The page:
We are barely 3 weeks into most of the #StayAtHome recommendations and we are already over the web-based meetings with video. We are exhausted! Our new verb “Zooming” is zapping our energy but we can’t figure out why. After all, isn’t this what we wanted? To be able to work from home? And if you are working from home, you still want to be able to connect face to face with people right? Well, yes, but let’s not get crazy. I’ve heard some people share they’ve been on 5-6 hours of Zoom calls each day, for several days in a row! Holy moly! That’s a lot of meetings under normal circumstances, but how much more exhausting this is in the new virtual world.
Why is it so exhausting? We need the social interaction, whether for work or family & friends. And I love that I can have happy hour with old friends in Montana because now they also have to meet virtually. But it is tiring.
Part of it is the way our brains process information. Not only can we see everyone’s face at once, but we can see ourselves! I don’t know about you, but I’ve never had to watch myself through every single meeting I’ve attended. We’ve had Skype meetings at my work for a while now, which is great, but we got to break them up with some in person meetings. Not now though. And I find myself watching myself and wondering weird things like “can they tell I’m not totally paying attention” “does my hair really look like that?” “what was I thinking when I chose that shirt this morning”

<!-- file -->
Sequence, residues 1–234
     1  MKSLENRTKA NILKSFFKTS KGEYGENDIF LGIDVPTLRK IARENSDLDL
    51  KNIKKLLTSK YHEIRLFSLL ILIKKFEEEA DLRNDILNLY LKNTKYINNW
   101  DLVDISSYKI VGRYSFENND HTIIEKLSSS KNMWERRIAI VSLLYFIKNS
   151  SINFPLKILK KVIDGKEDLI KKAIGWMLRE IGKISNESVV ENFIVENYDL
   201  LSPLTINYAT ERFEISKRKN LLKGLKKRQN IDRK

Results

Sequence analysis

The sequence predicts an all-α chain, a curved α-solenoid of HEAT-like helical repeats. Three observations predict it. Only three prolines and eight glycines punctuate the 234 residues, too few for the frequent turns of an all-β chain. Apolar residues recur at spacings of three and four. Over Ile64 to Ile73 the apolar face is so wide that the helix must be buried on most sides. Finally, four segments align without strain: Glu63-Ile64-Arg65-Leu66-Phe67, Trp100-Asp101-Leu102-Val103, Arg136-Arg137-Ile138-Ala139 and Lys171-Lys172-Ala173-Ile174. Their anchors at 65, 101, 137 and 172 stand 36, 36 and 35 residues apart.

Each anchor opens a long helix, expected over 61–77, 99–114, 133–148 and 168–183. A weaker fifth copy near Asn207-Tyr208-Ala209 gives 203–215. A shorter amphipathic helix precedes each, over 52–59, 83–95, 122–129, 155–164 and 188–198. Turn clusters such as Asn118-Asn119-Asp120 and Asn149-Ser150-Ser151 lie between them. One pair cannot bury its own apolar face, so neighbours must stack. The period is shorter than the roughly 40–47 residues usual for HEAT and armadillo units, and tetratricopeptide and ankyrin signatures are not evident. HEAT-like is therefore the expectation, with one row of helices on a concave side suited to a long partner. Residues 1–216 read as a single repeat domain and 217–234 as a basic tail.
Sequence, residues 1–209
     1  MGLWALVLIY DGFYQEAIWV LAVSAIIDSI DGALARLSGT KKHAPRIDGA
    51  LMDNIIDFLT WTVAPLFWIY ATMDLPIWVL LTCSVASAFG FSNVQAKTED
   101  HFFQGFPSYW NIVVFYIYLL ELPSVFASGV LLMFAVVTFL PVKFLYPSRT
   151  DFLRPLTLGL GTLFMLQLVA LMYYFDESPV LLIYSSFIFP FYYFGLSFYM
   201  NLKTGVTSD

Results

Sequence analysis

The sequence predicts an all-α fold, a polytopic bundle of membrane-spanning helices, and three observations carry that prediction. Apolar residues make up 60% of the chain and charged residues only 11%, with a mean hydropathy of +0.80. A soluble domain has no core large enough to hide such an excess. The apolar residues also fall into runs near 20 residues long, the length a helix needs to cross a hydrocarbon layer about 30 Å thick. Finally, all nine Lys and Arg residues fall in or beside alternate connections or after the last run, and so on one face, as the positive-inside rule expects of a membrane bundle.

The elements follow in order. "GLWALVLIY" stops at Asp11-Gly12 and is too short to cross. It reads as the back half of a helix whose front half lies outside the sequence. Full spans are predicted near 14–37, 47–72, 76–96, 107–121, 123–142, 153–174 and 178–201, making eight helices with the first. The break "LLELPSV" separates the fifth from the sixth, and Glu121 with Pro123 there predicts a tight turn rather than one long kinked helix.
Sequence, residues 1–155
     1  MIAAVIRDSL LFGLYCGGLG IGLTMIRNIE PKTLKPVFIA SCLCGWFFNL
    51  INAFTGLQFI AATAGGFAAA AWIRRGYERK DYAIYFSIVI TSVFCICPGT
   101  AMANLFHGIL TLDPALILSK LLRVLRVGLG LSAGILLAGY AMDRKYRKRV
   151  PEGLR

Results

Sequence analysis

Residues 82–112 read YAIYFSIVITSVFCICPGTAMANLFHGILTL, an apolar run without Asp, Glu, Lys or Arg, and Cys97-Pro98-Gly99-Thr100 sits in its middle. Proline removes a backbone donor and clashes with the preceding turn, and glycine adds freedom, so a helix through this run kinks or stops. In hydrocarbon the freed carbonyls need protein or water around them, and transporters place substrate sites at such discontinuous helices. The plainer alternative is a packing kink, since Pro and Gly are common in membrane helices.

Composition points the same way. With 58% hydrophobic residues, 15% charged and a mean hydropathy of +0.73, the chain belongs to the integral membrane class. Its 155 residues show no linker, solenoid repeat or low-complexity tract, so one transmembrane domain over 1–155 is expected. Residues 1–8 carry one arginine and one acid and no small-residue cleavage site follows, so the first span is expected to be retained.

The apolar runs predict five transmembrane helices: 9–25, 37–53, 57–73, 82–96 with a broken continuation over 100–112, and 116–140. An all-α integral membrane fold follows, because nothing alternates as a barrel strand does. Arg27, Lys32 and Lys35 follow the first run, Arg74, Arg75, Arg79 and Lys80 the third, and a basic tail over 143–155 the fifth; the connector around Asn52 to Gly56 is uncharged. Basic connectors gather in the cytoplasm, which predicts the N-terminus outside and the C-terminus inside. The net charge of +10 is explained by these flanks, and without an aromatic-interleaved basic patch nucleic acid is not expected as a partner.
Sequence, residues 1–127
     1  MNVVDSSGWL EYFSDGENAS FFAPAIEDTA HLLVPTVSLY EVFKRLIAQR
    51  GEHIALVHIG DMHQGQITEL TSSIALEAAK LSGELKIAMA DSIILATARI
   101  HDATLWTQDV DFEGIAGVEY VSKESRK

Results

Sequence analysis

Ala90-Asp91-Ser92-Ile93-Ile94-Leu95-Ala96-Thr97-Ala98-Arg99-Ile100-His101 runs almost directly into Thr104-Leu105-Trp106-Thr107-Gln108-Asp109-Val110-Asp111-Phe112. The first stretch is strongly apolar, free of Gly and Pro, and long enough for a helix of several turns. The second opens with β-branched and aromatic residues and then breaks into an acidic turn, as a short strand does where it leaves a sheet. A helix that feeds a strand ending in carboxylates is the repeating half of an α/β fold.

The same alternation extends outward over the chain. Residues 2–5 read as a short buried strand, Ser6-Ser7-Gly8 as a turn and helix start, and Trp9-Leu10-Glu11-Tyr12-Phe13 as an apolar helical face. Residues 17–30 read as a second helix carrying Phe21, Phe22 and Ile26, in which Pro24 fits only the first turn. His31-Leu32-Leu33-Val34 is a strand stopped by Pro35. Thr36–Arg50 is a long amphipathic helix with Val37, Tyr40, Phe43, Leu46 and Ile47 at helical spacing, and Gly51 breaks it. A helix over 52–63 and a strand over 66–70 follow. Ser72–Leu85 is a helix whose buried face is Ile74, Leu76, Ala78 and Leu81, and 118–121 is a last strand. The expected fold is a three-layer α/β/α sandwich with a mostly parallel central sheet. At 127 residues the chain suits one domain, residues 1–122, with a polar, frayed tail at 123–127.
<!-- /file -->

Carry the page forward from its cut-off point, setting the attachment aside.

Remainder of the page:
We are also more anxious than ever. Even if you don’t have diagnosed anxiety, we are all in a new way of living, transitioning into a new normal way of life, and that’s not good for anyone’s health!
I’ve found a couple of different posts (check them out here here and here) on the topic and wanted to share a couple of great ideas for helping with your Zoom-Fatigue.
- Change from a video call to a old-fashioned phone call. Now don’t tell my teenage self, but I’m not a fan of talking on the phone. I think it comes from working in talent acquisition and all the phone screens! But talking on the phone uses different parts of your brain and I’m looking forward to talking a “walk” with a friend this weekend rather than sitting in front of a computer having the chat.
- Don’t schedule back to back meetings. Be sure you take time between meetings to step away from your computer, take a bio-break, take a walk, look at something far away to adjust your eyes.
- Choose speaker view so you don’t have to look at EV-ERY-ONE. You can then give your attention to the one person talking and not everyone else. I did that today & it was so great to stop looking at myself!
- Take pen & paper notes. Research is showing that pen & paper notes lead to better retention (I think part of it is giving you hands something constructive to do — typing notes is a lot different than writing them).
- Turn it off. You don’t need to attend every meeting/party you are invited to. It can be tempting because you are tired of being stuck at home looking at the same people every day! When you can, be picky about who and when you connect. My friend Anne has made the decision to not connect in the evenings because she spends a lot of time during the day on Zoom.
- Unplug all together. Turn off the video conferences, the social media, the email, all of it. Disconnect and go for a walk. Go on. Go!